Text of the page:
Society of the Old West

From early westward expansion through the early 20th Century.

Bose Ikard was born a slave in July 1843, in Mississippi.  Later, he became one of the most famous black frontiersmen and trail drivers in Texas, The young slave moved to Texas and grew to adulthood with his owner's family.  He learned to farm, ranch, and fight Indians, as the Civil War drew near. The war left Bose a free man. Then, in 1866 he went to work for Oliver Loving as a trail driver. After Loving was killed by Comanche Indians in New Mexico Territory, Ikard continued in the service of Loving's partner, Charles Goodnight, for four years. The two men became lifelong friends. Goodnight later commented that he trusted Bose Ikard "farther than any living man. He was my detective, banker, and everything else in Colorado, New Mexico Territory, and the other wild country I was in." In 1869 Ikard wanted to settle in Colorado, but Goodnight persuaded him to buy a farm in Parker County, Texas, because there were so few blacks in Colorado. Ikard settled in Weatherford and began his family at a time when Indian attacks were still common in North Texas. In 1869 he participated in a running battle with Quanah Parker's Comanche band, riding alongside his former master, Milton Ikard.  After Ikard's death, Goodnight bought a granite marker and wrote an epitaph for his old friend: "Bose Ikard served with me four years on the Goodnight-Loving Trail, never shirked a duty or disobeyed an order, rode with me in many stampedes, participated in three engagements with Comanches, splendid behavior."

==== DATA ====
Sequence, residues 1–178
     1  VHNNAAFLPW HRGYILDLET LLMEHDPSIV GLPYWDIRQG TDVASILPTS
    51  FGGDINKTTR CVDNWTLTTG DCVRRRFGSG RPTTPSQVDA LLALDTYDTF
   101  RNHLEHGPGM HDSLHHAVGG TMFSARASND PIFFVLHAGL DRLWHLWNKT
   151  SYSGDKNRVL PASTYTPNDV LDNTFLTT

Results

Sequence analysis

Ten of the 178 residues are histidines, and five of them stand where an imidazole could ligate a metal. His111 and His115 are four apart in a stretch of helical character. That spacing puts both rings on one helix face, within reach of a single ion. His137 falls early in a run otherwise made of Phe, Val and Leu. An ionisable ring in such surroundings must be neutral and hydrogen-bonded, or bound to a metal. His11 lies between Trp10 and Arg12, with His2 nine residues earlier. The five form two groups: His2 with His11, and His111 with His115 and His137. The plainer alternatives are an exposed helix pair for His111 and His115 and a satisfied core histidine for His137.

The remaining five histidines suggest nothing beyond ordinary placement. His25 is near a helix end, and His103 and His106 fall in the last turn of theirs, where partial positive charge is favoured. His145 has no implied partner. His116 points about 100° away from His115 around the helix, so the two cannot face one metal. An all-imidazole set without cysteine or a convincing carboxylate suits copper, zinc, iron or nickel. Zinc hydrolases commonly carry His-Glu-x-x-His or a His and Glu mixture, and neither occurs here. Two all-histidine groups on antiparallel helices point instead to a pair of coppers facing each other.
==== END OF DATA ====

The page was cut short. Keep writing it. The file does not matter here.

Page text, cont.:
Bose died on January 4, 1929.

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